Nov 11 – Memorial for St. Martin of Tours, bishop
Martin (316-397) was born to pagan parents. His father was a Roman military officer and tribune. Martin was raised in Pavia, Italy, where he discovered Christianity and became a catechumen in his early teens. He joined the Roman imperia army at the age of 15, serving in a ceremonial unit that acts as the emperor’s bodyguard, and was rarely exposed to combat. He became a cavalry officer and was assigned to garrison duty in Gaul.
Trying to live his faith, he refused to let his servant wait on him. Once, while on horseback in Amiens in Gaul (modern France), he encountered a beggar. Having nothing to give but the clothes on his back, he cut his heavy officer’s cloak in half, and gave it to the beggar. Later, he had a vision of Christ wearing the cloak.
Martin was baptized into the Church at the age of 18. Just before a battle, Martin announced that his faith prohibited him from fighting. Charged with cowardice, he was jailed and his superiors planned to put him in the front of the battle. However, the invaders sued for peace, the battle never occurred, and Martin was released from military service at Worms.
On a visit to Lombardy to see his parents, he was robbed in the mountains – but managed to convert one of the thieves. At home, he found that his mother had converted, but his father had not. The area was strongly Arian, and openly hostile to Catholics. Martin was badly abused by the heretics, and at one point even by the order of the Arian bishop. Learning that the Arians had gained the upper hand in Gaul and exiled St. Hilary of Poitiers, his spiritual teacher, Martin fled to the island of Gallinaria (modern Isola d’Albenga).
In 361, Martin learned that the emperor had authorized Hilary’s return, and Martin ran to him and became a hermit for ten years in the area now know as Ligugé. A reputation for holiness attracted other monks, and they formed what would become the Benedictine abbey of Ligugé. He preached and evangelised through the Gallic countryside. Many locals held strongly to the old beliefs, and tried to intimidate Martin by dressing asthe old Roman gods, and appearing to him at night, but Martin continued to win converts. He destroyed old temples, and built churches on the land.
When the bishop of Tours died in 371, Martin was the immediate choice to replace him. Martin declined, citing unworthiness. Rusticus, a wealthy citizen of Tours, claimed his wife was ill and asked for Martin. When he arrived in the city, he was declared bishop by popular acclamation, and was consecrated on Jul 4, 372.
He moved to a hermit’s cell near Tours. Other monks joined him, and a new house, Marmoutier, soon formed. He rarely left his monastery, but sometimes went to Trier to plead with the emperor for his city, his church, or his parishioners. Once, when he went to ask lenience for a condemned prisoner, an angel woke the emperor to tell him that Martin was waiting to see him; the prisoner was reprieved.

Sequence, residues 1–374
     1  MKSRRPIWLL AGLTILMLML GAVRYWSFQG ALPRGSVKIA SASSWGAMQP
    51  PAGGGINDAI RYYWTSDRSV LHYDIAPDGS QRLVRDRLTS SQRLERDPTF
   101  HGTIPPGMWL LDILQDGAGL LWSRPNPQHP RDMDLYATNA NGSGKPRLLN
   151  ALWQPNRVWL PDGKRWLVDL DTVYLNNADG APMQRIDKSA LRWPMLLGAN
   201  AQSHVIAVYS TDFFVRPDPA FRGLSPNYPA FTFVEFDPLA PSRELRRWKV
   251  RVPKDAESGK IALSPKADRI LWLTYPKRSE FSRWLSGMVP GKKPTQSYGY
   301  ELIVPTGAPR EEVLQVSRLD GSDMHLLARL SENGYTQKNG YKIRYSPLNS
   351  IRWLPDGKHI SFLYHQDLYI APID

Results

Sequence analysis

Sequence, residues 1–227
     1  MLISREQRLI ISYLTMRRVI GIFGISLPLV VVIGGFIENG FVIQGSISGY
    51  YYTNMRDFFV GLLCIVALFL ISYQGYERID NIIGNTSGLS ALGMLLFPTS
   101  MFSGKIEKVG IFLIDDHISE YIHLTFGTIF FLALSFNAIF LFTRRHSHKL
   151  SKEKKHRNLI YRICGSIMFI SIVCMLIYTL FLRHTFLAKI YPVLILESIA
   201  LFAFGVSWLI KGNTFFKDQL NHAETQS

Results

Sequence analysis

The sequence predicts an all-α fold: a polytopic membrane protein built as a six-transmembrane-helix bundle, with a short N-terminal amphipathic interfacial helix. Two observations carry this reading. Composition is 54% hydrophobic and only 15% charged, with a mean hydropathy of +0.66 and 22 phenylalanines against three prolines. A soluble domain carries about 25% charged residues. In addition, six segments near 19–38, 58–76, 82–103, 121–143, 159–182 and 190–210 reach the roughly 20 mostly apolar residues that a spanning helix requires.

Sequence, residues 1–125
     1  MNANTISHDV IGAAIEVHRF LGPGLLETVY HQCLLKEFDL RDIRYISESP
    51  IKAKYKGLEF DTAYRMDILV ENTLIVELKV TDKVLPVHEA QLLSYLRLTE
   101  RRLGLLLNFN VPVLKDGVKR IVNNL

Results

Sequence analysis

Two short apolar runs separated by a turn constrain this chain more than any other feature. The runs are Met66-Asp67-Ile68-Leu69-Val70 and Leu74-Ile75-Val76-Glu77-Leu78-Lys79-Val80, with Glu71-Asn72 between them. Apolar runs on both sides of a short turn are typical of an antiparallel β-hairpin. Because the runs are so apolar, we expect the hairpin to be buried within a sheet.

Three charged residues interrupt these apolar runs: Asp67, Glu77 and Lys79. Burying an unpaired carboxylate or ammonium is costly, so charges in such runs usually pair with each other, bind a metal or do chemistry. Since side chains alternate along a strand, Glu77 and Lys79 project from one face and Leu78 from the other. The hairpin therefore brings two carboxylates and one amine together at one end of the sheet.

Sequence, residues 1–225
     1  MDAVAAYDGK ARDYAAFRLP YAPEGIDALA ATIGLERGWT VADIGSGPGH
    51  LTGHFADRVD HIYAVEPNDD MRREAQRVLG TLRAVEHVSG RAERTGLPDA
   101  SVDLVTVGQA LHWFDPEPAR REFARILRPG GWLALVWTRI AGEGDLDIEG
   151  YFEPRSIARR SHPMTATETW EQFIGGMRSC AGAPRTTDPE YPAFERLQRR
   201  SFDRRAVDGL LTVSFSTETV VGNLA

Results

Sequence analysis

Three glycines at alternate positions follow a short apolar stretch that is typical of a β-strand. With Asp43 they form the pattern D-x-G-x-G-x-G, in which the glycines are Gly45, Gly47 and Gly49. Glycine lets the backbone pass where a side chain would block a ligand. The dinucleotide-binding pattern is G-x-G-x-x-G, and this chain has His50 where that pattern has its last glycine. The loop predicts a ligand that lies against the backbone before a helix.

Martin himself was given to visions, but even his contemporaries sometimes ascribed them to his habit of lengthy fasts. An extensive biography of Martin was written by Sulpicius Severus. When he died, he was buried, at his request, in the Cemetery of the Poor. Martin was the first non-martyr to receive the cultus of saint. His relics rested in the Basilica of Tours, a scene of pilgrimages and miracles until 1562 when the cathedral and relics were destroyed by militant Protestants. Some small fragments on his tomb were found during construction excavation in 1860.
St. Martin of Tours is patron against poverty; alcoholism; hotel-keepers; quartermasters; soldiers, among others.
Prayer to Continue to Fight for God
“Lord, if your people still have need of my services, I will not avoid the toil. Your will be done. I have fought the good fight long enough. Yet if you bid me continue to hold the battle line in defense of your camp, I will never beg to be excused from failing strength. I will do the work you entrust to me. While you command, I will fight beneath your banner.” – St Martin of Tours, Italian Soldier, Hermit, Bishop
- Patron Saint Index
Romans 16:3-9, 16, 22-27
My greetings to Prisca and Aquila, my fellow workers in Christ Jesus, who risked death to save my life: I am not the only one to owe them a debt of gratitude, all the churches among the pagans do as well. My greetings also to the church that meets at their house.
Greetings to my friend Epaenetus, the first of Asia’s gifts to Christ; greetings to Mary who worked so hard for you; to those outstanding apostles Andronicus and Junias, my compatriots and fellow prisoners who became Christians before me; to Ampliatus, my friend in the Lord; to Urban, my fellow worker in Christ; to my friend Stachys; Greet each other with a holy kiss. All the churches of Christ send greetings.
I, Tertius, who wrote out this letter, greet you in the Lord. Greetings from Gaius, who is entertaining me and from the whole church that meets in his house. Erastus, the city treasurer, sends his greetings; so does our brother Quartus.